Our favourite part of any holiday is exploring the new yummies we don’t get to eat at home, and food in Puglia is no exception. The region offers plentiful weekly markets bursting with fresh fruit and veg, plus more restaurants and cafes than you’ve ever seen! Read on for your starting guide to some of the unmissable goodies here.
If you’ve already sampled food in Puglia, let us know what you would add to the list – did we miss anything?!
The Unmissable Food in Puglia
1. Homemade gelato
We are in Italy, and it would be criminal to miss handmade soft, creamy gelato. There is nothing on earth like if for sheer taste and velvety-ness on the tongue. Bars and cafes open their ice-cream counters for the summer with a range of flavours. Try something local for a different delight to the senses such as almond and figs (mandorle e fichi), or fruit sorbets made from local seasonal fruit. Delicious!
2. Orechiette con cime di rape
Pasta made from semolina with literal meaning, ‘little ears’. We were undecided whether this should make the cut on our list as it is The dish from Puglia everyone always talks about. However, we can’t leave it off as it would be a shame not to try. Look out for orechiette being made in places where a little bent-over nonna (grandma) can be seen doing the cooking in the kitchen, and definitely NOT in a up-market establishment. In Puglia, the more rustic the eatery, the truer your experience. Cime di rapa is broccoli rabe (US English) or turnip tops (UK English). It is slightly bitter and has a slight mustard heat to it….try it, you will probably like it.
3. Cozze ripiene
Cozze ripiene are mussels opened and grilled in their half shell, filled with a mix of breadcrumbs, parsley, cheese and the chef’s added touches such as a little chilli or garlic. Any seafood restaurant will make and serve it as a starter or as part of their antipasti.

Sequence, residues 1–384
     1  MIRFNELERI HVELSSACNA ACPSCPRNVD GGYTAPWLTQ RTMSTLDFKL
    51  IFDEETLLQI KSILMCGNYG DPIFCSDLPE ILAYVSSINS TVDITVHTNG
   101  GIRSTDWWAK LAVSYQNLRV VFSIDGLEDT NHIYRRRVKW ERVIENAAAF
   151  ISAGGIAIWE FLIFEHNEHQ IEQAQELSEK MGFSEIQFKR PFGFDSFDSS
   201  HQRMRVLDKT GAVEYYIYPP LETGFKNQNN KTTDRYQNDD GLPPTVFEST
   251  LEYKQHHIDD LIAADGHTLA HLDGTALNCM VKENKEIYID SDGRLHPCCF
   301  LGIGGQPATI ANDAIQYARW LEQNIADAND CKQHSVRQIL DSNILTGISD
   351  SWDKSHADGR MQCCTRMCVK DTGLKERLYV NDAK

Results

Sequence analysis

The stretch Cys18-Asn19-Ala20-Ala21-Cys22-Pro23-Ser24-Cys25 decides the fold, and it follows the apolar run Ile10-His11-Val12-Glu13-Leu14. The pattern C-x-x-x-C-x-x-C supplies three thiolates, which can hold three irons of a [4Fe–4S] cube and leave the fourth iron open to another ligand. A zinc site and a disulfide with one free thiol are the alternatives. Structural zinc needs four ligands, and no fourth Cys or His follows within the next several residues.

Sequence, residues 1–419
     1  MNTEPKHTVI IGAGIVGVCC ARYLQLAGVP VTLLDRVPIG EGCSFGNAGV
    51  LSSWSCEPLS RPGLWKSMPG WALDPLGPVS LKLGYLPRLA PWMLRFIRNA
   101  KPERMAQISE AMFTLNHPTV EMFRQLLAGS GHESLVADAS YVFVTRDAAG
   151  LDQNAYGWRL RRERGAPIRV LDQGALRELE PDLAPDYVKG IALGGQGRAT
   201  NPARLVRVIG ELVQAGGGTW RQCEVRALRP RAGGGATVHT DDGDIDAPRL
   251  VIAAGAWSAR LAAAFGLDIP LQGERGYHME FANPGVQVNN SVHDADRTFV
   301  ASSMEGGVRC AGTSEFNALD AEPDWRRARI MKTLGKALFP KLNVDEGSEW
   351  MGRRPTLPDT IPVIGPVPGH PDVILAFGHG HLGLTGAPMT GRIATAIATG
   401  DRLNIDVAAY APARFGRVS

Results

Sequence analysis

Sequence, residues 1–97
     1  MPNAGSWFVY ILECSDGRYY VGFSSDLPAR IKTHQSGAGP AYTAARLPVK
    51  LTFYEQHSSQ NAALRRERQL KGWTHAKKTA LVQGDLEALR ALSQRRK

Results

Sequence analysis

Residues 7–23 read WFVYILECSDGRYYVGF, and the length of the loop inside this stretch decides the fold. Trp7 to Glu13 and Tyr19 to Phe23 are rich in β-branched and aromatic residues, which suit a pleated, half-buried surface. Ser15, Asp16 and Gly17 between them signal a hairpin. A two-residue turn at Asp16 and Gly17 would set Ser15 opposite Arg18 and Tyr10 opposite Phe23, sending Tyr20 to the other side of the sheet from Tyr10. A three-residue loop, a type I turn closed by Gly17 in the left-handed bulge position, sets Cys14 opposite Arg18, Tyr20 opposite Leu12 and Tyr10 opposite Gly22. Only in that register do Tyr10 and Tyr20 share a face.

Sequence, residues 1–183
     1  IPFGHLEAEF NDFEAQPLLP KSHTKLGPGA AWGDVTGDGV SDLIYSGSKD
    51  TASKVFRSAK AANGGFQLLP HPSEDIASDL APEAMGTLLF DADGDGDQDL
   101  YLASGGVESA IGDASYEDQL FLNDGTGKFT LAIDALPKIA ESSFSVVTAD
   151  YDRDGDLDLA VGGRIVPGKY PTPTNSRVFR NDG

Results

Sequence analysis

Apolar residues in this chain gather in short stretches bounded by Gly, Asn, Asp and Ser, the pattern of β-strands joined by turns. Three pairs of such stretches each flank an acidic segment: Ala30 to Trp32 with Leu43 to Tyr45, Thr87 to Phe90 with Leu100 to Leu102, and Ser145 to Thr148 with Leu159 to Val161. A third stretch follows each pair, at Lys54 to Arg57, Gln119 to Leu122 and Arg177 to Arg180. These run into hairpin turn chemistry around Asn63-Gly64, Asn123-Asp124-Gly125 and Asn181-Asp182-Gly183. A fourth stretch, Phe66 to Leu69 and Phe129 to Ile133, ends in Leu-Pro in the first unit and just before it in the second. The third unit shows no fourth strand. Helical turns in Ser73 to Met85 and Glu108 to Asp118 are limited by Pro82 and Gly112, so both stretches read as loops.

Ricci are sea urchins, served open with crusty bread to dip in the goodness. A local delicacy, so order a few as a taster whilst waiting – although they’re only available at certain times of the year.
5. Insalata di polpo
This octopus salad involves fresh local octopus chopped and marinated in olive oil, vinegar and some local vegetables. It is served cold as an antipasti or can be ordered. How good it tastes depends on the restaurant but go somewhere which sources local fresh produce (definitely no frozen goods!), and you should be treated to a dish that is light, tender and soft to bite into (it’s probably not fresh if you get rubbery octopus).
6. Zucchine ripiene
Courgette flowers stuffed with ricotta before being battered and fried are so worthy of eating with lashings of mmmmmmm’s and yum’s. Of course this is exceptionally seasonal and finding it on a menu can be challenging; which makes it even better when there is success!
Baccalà is cod, and usually found on sale in Puglia markets and stores dried and salted. To become ‘re-edible’ it is rinsed, soaked, rinsed and soaked some more in fresh water for at least 24 hours before cooking. Our favourite way of eating it is as Fish’n’Chips Apulia style, cut into small bite-size chunks and popped into the mouth while still hot and crispy.
8. Tetta della monaca
Titillatingly translated as ‘nun’s tits’ (really!!) these are found in Pasticceria (bar/café/cake shop). They are domed meringue, mousse, fluffy lightness with a crème anglaise inside. We don’t think we need to say anything more except we know where they sell the BEST of these with pistaccio cream inside. Contact us if you want to know!